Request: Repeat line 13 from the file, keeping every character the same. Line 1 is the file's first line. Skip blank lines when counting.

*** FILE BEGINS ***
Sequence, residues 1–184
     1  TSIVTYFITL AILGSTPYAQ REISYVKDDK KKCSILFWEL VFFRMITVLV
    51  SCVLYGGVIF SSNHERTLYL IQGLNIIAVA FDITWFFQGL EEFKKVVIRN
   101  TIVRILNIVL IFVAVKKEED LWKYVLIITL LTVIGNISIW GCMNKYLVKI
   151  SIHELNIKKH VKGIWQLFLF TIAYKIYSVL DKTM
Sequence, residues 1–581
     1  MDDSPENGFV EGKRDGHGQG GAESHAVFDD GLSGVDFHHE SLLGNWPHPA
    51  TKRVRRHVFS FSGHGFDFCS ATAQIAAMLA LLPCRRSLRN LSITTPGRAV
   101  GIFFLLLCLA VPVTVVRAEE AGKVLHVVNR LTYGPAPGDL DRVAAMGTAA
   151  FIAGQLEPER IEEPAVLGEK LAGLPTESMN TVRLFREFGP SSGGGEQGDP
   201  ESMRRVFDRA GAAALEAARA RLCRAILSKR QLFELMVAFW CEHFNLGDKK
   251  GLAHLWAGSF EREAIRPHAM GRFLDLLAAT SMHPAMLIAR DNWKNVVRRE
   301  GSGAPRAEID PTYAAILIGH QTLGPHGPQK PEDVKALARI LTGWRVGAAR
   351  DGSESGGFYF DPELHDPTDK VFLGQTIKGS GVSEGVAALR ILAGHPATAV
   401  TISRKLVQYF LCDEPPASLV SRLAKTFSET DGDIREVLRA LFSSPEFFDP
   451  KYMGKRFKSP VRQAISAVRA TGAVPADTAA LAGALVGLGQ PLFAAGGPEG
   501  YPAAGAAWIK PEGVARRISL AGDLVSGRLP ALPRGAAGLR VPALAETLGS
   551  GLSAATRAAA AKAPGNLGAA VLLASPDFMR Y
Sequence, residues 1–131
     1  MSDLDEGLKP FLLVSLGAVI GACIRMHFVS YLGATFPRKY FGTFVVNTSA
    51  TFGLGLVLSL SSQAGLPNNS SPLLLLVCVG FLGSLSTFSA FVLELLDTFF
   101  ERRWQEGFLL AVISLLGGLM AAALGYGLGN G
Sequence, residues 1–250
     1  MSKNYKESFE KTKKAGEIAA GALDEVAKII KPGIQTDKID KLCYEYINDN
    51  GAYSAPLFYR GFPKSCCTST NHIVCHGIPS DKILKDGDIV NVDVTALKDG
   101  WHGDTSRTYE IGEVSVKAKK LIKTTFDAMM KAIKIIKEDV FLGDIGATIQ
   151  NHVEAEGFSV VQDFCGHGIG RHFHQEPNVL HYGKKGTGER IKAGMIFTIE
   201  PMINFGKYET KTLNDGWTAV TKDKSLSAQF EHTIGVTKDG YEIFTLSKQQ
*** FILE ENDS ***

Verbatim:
   301  GSGAPRAEID PTYAAILIGH QTLGPHGPQK PEDVKALARI LTGWRVGAAR